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How To Get Your Inborn Creativity Back

How To Get Your Inborn Creativity Back

Many people want to be more creative. But most of them also doubt if creativity is a gifted talent that cannot be learned. To find the truth, scientists did some experiments which results were astonishing and at the same time encouraging.

Creativity is indeed an inborn talent, and everyone has it

In 1968, George Land tested 1,600 children’s performance in a creativity test that was originally designed for NASA to recruit innovative scientists. The children were tested at different ages.

Test results

5 year olds who passed the test: 98%
10 year olds who passed the test: 30%
15 year olds who passed the test: 12%

Interestingly, there’s an obvious down trend: the older we are, the less creative we become.

Creativity is not a random gift that only belongs to the lucky minority; we all are gifted with creativity when we were born.

What happens, though, is that during our course of life, we start to “unlearn” our creativity.

Education is the murderer of creativity

Once we enter schools, our brains are stuffed with numbers and vocabulary. All these do not encourage creativity but conformity. Under the current education system, children learn to fulfil teachers’ expectations, pass the exams, and suppress their creative ideas.

Remember, the education system is so because it was designed 200 years ago in the Industrial Revolution to train people to be obedient. It may work well for factory workers, but not for us living in this dynamic world.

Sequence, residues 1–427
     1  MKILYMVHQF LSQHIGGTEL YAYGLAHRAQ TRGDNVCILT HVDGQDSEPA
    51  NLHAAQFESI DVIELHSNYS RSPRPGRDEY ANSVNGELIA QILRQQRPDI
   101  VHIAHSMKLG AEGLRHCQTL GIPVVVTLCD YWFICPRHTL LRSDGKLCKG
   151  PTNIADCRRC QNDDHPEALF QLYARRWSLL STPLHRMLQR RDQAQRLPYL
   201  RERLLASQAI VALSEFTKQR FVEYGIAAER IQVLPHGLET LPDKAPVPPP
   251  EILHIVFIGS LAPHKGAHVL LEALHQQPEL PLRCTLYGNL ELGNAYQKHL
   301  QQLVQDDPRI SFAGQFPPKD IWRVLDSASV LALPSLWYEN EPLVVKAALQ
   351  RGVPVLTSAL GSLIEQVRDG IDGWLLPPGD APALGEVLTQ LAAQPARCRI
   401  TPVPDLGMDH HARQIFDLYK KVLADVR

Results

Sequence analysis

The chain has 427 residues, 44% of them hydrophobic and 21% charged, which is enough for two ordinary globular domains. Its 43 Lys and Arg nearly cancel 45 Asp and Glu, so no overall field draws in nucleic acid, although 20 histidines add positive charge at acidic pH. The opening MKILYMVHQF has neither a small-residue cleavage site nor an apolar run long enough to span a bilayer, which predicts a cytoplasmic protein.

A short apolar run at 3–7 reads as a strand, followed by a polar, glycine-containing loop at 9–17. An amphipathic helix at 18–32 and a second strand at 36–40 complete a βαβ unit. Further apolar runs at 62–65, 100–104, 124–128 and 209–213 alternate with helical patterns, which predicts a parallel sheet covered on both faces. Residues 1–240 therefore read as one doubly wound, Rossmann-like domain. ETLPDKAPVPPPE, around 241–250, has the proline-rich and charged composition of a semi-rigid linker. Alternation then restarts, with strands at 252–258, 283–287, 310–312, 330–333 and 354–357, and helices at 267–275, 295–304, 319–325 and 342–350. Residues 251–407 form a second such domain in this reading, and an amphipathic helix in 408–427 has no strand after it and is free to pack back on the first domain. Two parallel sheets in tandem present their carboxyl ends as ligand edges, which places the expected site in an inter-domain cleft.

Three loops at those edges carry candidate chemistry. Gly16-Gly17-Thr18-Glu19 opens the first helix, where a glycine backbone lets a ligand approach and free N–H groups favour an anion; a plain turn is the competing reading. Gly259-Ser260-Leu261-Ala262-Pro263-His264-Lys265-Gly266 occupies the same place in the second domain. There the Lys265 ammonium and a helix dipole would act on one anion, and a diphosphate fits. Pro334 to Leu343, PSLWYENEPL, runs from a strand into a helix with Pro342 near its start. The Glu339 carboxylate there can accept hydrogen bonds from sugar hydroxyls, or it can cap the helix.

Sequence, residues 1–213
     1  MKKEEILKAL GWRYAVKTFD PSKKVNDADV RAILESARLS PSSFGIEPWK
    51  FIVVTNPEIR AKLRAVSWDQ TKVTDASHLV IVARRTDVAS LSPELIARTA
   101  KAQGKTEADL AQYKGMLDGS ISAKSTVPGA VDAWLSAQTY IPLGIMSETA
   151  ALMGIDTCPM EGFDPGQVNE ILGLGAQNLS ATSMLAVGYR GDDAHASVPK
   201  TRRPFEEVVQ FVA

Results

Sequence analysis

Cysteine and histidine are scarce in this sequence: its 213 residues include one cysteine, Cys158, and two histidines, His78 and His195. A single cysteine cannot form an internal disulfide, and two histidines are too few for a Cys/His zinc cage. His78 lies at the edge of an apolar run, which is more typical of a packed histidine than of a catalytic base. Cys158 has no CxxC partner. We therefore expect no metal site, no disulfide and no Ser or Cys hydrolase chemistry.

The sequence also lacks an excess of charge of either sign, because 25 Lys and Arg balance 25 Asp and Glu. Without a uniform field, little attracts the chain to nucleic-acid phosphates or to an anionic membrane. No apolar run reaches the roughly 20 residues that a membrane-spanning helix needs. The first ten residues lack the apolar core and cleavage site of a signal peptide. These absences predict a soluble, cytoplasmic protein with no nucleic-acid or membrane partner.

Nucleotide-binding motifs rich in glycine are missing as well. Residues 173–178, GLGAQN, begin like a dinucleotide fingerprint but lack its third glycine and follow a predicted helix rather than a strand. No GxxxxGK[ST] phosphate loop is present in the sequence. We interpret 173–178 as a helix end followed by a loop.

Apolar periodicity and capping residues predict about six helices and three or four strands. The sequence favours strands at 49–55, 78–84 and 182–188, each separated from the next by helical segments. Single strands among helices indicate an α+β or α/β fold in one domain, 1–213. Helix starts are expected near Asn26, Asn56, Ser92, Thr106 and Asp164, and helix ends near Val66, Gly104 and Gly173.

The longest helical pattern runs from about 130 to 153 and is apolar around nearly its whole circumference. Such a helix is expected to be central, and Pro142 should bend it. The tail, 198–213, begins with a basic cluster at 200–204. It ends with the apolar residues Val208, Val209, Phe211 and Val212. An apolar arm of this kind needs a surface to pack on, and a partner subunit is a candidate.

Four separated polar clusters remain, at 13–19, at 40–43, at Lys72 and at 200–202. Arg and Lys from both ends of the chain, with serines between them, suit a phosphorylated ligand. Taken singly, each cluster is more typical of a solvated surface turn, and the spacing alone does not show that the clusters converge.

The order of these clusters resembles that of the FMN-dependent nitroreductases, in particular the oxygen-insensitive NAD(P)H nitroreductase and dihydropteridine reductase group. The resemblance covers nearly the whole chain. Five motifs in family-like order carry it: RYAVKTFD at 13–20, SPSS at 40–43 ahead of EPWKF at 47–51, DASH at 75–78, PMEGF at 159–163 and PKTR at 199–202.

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So then, the question is: how get our inborn creativity back?

Creativity, as defined by Richard N. Foster, a lecturer in Yale, is “the ability to find associations between different fields of knowledge, especially ones that appear radically different at first” [1].

Years ago, phone, camera and computer are just three completely unrelated gadgets. But Steve Jobs thought they could be related and decided to combine them into a single device.

Creativity is really about making unexpected linkages.

And to train ourselves to make such linkages, there are exercises we can do on a daily basis.

The Two-word exercise 

In an experiment, neuroscientist Paul Howard Jones asked the subjects to create a story by combing relevant ideas, such as “brush”, “teeth”, and “shine”, and then create another story by combining irrelevant ideas, such as “cow”, “zip”, and “star”. Surprisingly, the stories created with irrelevant words are far more creative than the relevant ones [2].

To apply the study result of Jones’s experiment, we suggest you to start with two words first, instead of three.

Demonstration

Two words given:

  • Man      
  • Cat

First you can think about their relationship, and then think about the environment. Where are they? Are they in the same place or not?

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When you are creating the scenario, try to add more details. This would further boost your creativity.

Our example is:

“After his wife passed away, the cat became his only companion. Every night, when he feeds the cat, he would recall the time he spent with his lovely wife.”

You may find it hard at first. But don’t worry! You can begin with the following guiding questions:

  • What do they look like?
  • What is their interaction?
  • Any emotions triggered?
  • When they first meet each other, what do they say to each other?
  • In what places do they meet?
  • What is the smell, the sound, the temperature of the place?

Once you can create a scenario, you can challenge yourself to create more, let’s say four. We suggest five more examples as follows.

Remember don’t be afraid that your story is too crazy. Just catch whatever jumps up at your head.

When you finish, you can scroll down.

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Possible ideas: